The opinion of the court was delivered by: GOURLEY
This Opinion is lengthy and considerable discussion is made of the facts. If the Court had authority to consider the matter de novo this would not have been required. The Opinion could have been short, clear, concise and succinct since it would not have required too much effort if the Court could have entered its own Findings of Fact and Conclusions of Law de novo. However, the Court is limited in the evaluation of the complete record to decide whether there is substantial evidence to support the findings that claimant does not have ailments and physical conditions sufficient to prevent him from continually engaging in any substantial gainful activity or employment since March 2, 1966.
The Court has reviewed with most meticulous and exhaustive care the 415 page record, considered the briefs of counsel, the statutory and case authorities and the work record of claimant prior to February, 1961, and the gradual decline in his physical condition.
Is the decision of the Secretary supported by substantial evidence so as to preclude the plaintiff from establishing a period of disability under Section 216(i) of the Social Security Act and from precluding the plaintiff from receiving disability insurance benefits under Section 223 of said Act?
The answer is: "It is not." Applicant need not be bedridden or completely helpless in order to be disabled. Social Security Act, § 223(c)(2)(A) as amended 42 U.S.C.A. § 423(c)(2)(A).
The conclusion is required that claimant is a "nondescript" or a job would have to be made for him.
It is not disputed that claimant is unable to work at his usual occupation, that of a coal miner, and I do not believe substantial evidence exists in the record to justify the conclusion that claimant is able to do any other substantial gainful work for any regular or definite period of time taking into consideration his age, education, training, previous employment and work experience. No human being with the excellent work record which claimant had prior to 1961 becomes a malingerer, shies from work and loses all self-respect and ambition to provide for his wife and children without substantial reasons. In short, claimant was under a disability of such proportion and severity since March 21, 1966 as to have precluded him from engaging in substantial gainful activity for a continuous period of 12 months or more since said date.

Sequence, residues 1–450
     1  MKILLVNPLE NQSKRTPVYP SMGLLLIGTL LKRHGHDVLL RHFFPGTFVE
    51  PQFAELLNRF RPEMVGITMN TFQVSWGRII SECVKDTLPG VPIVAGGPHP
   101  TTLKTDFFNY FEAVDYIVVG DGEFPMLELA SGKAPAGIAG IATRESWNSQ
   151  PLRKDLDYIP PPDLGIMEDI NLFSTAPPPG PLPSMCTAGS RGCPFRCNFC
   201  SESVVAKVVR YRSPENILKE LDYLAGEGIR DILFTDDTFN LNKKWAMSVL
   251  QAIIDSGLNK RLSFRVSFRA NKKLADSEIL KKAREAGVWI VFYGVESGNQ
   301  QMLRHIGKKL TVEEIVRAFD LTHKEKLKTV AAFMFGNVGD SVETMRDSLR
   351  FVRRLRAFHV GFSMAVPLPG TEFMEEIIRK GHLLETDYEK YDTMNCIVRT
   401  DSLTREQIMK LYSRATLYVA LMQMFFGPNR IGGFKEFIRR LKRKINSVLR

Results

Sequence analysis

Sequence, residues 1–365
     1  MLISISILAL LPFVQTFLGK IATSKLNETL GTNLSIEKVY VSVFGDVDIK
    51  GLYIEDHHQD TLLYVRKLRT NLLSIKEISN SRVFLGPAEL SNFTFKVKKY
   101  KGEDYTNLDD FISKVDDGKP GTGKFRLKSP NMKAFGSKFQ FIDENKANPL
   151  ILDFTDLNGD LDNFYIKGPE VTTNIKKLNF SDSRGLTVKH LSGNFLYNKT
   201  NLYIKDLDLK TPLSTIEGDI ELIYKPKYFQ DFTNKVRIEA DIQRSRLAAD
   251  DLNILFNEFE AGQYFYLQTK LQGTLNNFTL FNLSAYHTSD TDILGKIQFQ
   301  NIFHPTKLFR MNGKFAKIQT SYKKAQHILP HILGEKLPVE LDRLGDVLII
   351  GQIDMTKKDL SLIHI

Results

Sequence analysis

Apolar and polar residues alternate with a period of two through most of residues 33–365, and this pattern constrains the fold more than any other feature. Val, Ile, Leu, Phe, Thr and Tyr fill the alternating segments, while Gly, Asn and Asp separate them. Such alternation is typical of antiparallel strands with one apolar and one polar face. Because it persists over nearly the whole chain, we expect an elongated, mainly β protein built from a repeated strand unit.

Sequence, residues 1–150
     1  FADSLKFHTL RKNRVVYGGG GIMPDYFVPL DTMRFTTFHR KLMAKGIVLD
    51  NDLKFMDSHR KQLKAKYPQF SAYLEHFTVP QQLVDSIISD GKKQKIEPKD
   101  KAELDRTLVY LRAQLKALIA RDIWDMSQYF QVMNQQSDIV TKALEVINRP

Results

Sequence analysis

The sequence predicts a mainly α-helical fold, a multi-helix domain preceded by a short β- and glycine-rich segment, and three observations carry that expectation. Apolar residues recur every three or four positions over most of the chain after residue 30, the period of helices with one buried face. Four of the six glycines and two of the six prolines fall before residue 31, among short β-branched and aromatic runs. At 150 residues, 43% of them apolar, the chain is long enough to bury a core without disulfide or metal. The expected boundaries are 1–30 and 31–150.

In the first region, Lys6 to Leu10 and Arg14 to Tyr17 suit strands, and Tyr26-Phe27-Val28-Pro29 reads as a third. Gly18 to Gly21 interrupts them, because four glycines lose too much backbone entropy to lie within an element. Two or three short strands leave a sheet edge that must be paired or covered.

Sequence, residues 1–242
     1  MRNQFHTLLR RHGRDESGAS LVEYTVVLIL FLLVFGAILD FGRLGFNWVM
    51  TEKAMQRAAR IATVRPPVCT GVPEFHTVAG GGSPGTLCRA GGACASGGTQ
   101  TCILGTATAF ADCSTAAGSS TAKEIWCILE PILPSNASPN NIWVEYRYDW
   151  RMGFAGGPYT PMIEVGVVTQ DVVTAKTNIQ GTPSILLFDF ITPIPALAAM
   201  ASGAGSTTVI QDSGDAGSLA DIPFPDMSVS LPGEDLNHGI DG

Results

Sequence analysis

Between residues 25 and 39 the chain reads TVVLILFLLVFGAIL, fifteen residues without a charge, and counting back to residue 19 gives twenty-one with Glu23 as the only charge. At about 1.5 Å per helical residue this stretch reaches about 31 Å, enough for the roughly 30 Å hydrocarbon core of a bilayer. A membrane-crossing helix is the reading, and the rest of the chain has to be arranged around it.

Although claimant has the ability to think, understand and communicate, his realm of possible gainful employment is surrounded with severe limitations. In fact, the only type of employment he could do would be that of a light and/or sedentary nature. He would not have any chance of passing a pre-employment medical examination especially with potential aggravation of pre-existing conditions which could give rise to substantial compensation claims and various other claims that could be made against an employer for conduct of omission or commission in the performance of his duties.
The mental and physical condition of claimant is such that any type of employment which he might pursue with his background, education and working experience would require the privilege and right to work at such times and under conditions that would be satisfactory to him alone. We know that employment or jobs of this nature in our fast moving, competitive labor field do not exist.
Claimant will soon be 54 years of age, weighs 211 pounds and has not followed gainful employment for eight years. It conclusively appears that claimant has many ailments and complaints:
1. A duodenal ulcer which requires medication to variable degrees.